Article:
16 October 2013, Abuja — The federal government is said to be owing oil importers over N220 billion subsidy claims under the Petroleum Support Fund (PSF) which may lead to inability of marketers to supply petroleum products.
Petroleum marketers said they are unsure of their ability to adequately supply petroleum products during the yuletide season due to the mountain of debts owed them.
Executive Secretary of Major Oil Marketers Association of Nigeria (MOMAN) Mr Obafemi Lawore told our correspondent in Lagos yesterday that the subsidy claims represent oil discharges between 2011 and this year.
He said the outstanding subsidy pay increased as a result of delay in the payment of verified claims and principal sum, unbearable bank interest rate and foreign exchange differentials.
He said the development has now put importers at cross-roads as they do not have money to import petroleum products into the country.
Lawore wondered why marketers are being owed huge sums despite their efforts in ensuring that the country is not in short supply of petroleum products.
The federal government had recently established a technical working committee of stakeholders on delayed payment of PSF subsidy claims of marketers to quicken the payment of subsidy to importers.
The committee’s recent report said the interest rate regime provided for financing in the Petroleum Products Pricing Regulatory Agency (PPPRA) template is indexed to the 45 days payment cycle in the PSF agreements.
It said marketers are debited by their banks on additional days of non-payment of subsidy refunds which is usually a minimum of 22 per cent and can go as high as 25 per cent which it said results to huge exposures of the marketers on transactions carried out.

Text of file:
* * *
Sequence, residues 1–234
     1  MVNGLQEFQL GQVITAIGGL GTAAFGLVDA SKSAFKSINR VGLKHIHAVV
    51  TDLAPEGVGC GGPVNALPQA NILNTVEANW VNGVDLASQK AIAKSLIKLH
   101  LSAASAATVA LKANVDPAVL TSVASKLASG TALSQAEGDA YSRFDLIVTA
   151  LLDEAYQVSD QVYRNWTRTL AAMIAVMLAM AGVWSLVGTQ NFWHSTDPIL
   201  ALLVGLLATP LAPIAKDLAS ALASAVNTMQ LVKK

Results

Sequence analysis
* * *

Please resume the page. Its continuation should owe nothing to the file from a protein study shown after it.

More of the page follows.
The report said the prevailing reality is that the essence of the sovereign instruments has been defeated by the prolonged delay in payment of marketers’ claims.
“The unfortunate reality today is that the Sovereign Debt Notes (SDNs) which are supposed to be redeemed immediately upon maturity now stay unredeemed for an additional 21 days or more. Out of the 271 transactions for marketers in 2013 for instance, 132 are yet to be paid; while indebtedness range from 50 days to 200 days for transactions that were funded based on a provision of 45 days’ financing cost.”
He said that the marketers demanded the immediate payment of all their outstanding arrears plus interest and forex differentials for all delayed payments.
The report said given the fact that the PSF dwells on the principle of restitution, reimbursement under the scheme on the old naira exchange rate is inimical to sustaining products supply to the system.
Efforts to get the reaction from office of the Coordinating Minister of the Economy and Minister of Finance, Dr Ngozi Okonjo-Iweala, who is in charge of subsidy disbursement probed abortive.
Phone calls, email and text messages sent to Mr Paul C Nwabuikwu, Special Adviser to Dr Iweala were not replied as the time of press.
In her recent reaction on the issue, Dr Iweala said government has reduced public spending on oil subsidy payments from N2.2 trillion in 2012 to N971 billion last year.
She said the Federal Ministry of Finance has released the sum of N46.8 billion as latest payment to oil marketers whose claims have successfully gone through the verification process.
Early in September the minister said, so far this year, a total of N287 billion has been paid in verified claims to verified marketers.
“We also hired new auditors and we put in place different checks and balances. As a result, last year, we brought subsidy payment down to about N950 billion, and we expect that this year, we will pay about N971 billion,” the minister said.
– Daily Trust